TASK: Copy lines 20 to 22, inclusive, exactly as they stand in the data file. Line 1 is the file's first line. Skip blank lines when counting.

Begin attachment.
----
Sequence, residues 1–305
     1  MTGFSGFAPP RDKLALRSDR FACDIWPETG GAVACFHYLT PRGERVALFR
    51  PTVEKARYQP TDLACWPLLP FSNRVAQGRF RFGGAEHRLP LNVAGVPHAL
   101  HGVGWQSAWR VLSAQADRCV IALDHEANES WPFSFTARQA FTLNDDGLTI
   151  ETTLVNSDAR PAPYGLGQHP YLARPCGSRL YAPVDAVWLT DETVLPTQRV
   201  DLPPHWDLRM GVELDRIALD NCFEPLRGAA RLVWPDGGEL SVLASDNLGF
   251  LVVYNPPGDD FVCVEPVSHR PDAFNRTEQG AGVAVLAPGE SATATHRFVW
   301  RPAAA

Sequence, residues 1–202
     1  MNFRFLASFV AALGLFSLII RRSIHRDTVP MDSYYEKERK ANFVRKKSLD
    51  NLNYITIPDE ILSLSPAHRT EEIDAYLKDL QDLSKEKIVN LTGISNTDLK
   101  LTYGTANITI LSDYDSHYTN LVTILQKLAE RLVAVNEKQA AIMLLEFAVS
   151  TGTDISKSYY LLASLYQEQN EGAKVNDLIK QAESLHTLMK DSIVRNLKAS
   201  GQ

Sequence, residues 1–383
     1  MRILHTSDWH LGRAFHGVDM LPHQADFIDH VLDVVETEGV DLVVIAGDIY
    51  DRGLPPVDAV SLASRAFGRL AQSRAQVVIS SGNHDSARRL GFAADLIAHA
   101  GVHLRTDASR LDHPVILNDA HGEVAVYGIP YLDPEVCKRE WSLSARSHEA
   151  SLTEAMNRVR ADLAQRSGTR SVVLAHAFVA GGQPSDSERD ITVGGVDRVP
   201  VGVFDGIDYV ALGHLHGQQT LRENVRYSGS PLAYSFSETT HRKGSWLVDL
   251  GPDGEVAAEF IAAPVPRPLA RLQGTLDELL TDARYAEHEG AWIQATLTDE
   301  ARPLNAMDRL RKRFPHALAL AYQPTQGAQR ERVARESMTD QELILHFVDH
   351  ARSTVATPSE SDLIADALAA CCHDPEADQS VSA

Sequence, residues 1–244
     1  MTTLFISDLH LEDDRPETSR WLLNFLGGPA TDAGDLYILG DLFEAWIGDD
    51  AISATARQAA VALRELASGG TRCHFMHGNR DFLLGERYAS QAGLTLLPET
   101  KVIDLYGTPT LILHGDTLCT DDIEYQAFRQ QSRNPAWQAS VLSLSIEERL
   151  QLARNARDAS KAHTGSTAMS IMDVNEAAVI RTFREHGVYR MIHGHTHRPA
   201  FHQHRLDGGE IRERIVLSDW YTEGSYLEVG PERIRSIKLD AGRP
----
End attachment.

   201  VGVFDGIDYV ALGHLHGQQT LRENVRYSGS PLAYSFSETT HRKGSWLVDL
   251  GPDGEVAAEF IAAPVPRPLA RLQGTLDELL TDARYAEHEG AWIQATLTDE
   301  ARPLNAMDRL RKRFPHALAL AYQPTQGAQR ERVARESMTD QELILHFVDH